1. I completely agree, something about my generation just wants to say “to heck with it” and this training to keep going little by little and persevere is much needed. This is true craftsmanship, and I hope it continues its resurgence.

    1. Yes, they are Ashley Iles. I just bought a set of their butt chisels for dovetailing, and they are every bit as nice as you might suspect, beautifully made. Nice to see Paul splurge every now and then … does my heart good.

    2. Sometimes I take my inexpensive chisels and refine the bevel edges by tapering them down to amost a cutting bevel at the very tips. If you noticed, Paul’s chisels have this feature (they are even shiny like a mirror) The inexpensive chisels are easily refined with a file šŸ˜‰

  1. “Life is like wood; it’s comes with knots in it.”

    You said that like you’ve said it a million times, but that was the first I’ve ever heard that. What a great (and very true) saying from a woodworking master!

  2. Paul, could you remind me of why your dovetail recess sits below the surface of the top by that quarter of an inch? My first instinct was that it would have been flush with the top edge.

  3. Phil,

    Many chests would have a profiled edge on the top. Even though Paul’s current design doesn’t call for a profile, this seems an excellent opportunity for him to show us how. Would you please ask Paul if he’d be willing to show us how to use a scratch block and hollows and rounds to do two common profiles along the grain and across the grain, perhaps a thumbnail and maybe a cyma with fillet? This would open up a world of possibilities for us to build variations on this chest, and we could apply it to various tables, too. It is important to see how to work end grain, though. I’ve suggested both a scratch block and hollows and rounds. The scratch block is generally useful, especially for someone without H&R’s, and the H&R’s are suggested, rather than a specialized moulding plane that only cuts one profile, because we’ll get more use from them. That’s why I suggested two different approaches. This would be a natural follow on to the cornice video he did some time back. Thanks!

    1. Hi Ed,
      Thank you for the suggestion. I will mention it to Paul and add it to the list.

      We have discussed showing moulding and moulding planes before. There are so many options and it is a somewhat less fundamental technique, with quite a bit of complexity, so it is not likely to be covered soon. They are also not available to all.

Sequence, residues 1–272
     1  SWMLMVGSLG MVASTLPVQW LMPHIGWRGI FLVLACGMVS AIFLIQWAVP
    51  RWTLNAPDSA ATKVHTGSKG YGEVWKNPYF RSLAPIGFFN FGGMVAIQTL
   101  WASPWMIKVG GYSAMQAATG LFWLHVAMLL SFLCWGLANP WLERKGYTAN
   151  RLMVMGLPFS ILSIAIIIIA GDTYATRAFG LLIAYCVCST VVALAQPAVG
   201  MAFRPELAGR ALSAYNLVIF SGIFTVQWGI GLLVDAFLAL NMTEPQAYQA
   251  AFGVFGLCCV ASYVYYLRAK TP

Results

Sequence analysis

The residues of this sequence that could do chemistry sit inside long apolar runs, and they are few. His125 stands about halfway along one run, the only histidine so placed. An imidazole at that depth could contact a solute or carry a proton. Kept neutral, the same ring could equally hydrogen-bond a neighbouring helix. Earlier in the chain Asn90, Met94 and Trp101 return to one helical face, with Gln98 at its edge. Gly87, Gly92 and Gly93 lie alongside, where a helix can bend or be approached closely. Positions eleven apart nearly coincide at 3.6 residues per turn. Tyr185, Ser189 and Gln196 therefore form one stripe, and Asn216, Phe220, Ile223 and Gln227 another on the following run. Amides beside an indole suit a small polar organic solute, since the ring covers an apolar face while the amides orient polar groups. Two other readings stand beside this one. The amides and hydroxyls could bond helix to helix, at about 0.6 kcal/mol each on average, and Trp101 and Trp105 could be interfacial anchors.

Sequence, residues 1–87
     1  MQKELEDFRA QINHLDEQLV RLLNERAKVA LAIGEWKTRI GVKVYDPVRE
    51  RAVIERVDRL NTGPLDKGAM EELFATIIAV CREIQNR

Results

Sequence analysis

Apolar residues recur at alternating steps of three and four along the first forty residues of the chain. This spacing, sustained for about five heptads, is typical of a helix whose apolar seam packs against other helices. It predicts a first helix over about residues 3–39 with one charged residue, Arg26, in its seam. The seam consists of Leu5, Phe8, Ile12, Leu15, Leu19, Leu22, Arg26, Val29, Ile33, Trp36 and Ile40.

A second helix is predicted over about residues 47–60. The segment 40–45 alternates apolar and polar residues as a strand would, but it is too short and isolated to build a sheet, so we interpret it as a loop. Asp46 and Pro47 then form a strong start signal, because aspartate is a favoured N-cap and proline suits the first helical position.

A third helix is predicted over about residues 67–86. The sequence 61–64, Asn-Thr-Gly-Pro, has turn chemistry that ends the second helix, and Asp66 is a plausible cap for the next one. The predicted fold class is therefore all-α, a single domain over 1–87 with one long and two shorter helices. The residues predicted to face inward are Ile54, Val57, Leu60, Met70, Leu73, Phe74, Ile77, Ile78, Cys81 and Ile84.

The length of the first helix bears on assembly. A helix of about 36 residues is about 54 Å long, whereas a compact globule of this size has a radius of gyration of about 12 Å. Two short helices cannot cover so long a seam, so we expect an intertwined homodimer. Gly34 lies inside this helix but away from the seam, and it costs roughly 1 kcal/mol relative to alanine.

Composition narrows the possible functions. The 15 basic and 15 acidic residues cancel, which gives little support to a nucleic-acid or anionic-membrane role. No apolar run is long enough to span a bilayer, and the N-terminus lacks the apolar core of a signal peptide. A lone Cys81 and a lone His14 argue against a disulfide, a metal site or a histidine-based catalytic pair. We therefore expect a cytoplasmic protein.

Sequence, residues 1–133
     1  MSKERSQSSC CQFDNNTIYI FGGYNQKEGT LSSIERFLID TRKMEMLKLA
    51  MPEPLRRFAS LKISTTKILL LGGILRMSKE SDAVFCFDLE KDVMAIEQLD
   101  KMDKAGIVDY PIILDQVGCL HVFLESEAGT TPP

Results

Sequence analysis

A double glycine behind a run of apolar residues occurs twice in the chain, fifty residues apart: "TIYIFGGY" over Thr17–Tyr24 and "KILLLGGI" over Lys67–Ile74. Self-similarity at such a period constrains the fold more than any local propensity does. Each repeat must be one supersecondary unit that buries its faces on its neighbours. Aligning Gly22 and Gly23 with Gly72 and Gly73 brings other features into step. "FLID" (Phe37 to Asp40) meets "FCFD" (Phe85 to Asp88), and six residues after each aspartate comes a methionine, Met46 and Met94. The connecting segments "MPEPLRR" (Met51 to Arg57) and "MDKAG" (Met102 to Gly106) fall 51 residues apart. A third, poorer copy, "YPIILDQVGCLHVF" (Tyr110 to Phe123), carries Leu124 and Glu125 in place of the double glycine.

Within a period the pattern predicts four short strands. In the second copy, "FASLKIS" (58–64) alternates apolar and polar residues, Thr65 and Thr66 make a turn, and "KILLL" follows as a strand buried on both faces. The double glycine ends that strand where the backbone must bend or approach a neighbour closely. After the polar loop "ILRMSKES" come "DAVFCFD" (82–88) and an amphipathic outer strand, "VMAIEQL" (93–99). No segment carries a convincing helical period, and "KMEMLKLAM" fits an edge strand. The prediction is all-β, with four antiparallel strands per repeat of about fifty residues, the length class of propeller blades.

The beading and marking tool can be used for some aspects:

      1. Thanks, Phil. There are indeed many profiles and many don’t have access to moulding planes, which is why a scratch block demo could be so helpful. Since profiles can be built from hollows and rounds oftentimes, they give versatility and quite a few people in the discussion lists have expressed interest. My hope is that, if we see how to do a couple sample profiles on end grain and along the grain on some scrap hardwood, we’ll be well on our way. Being able to do ornamentation opens many design doors and is expected in many purchased pieces.

      2. Hi Phil just found your comments regarding wooden moulding planes ….very interesting. I have asked for tuition with old moulders and can understand fully your explanation. It would not be possible for all to own a selection.
        I have collected a good number and find many very frustrating….Paul would have an up hill battle teaching there use.
        What Paul could, if I may say, teach is the use of scratch blocks. I’ve seen their construction on Utube using just two pieces of wood clamped over a shaped Stanley knife blade.
        ALSO Paul could show a sticking board in action ……just a piece of wood attached to bench or vice with stock held by a screw either end.
        I have a scratch block as shown in you hyper link ….superb
        Thanks John

  4. Is there a reason *not* to have swapped to the router plane to take down that troublesome bit? It seems to me like it would help ensure it’s parallel to the surface, and avoid the troublesome chisel work…

    1. Hello Andrew, sometimes it is easier to work down tough grain with the chisel as you can feel after the grain a little more. If there is adverse grain, the router plane can still tear out below the depth it is set to. But it is definitely an option to try in some circumstances.

  5. Would you ever consider using a brace and bit in this situation? I.e. Cutting blind dovetails. It “tames” any grain issue and gives you a defined depth to pare to as well as being a little quicker even in the best conditions.

  6. That was the first idea I had when Paul ran into that reverse grain cutting that dovetail. I thought, “I’d probably try to ‘nibble’ it away using the chisel-hinge cutting technique”. Curious if that would actually work, it seems like it would at least to some extent.
    I realize it’s been three years since these comments but I like to rewatch these video series occasionally & sometimes re-read the comments as well.

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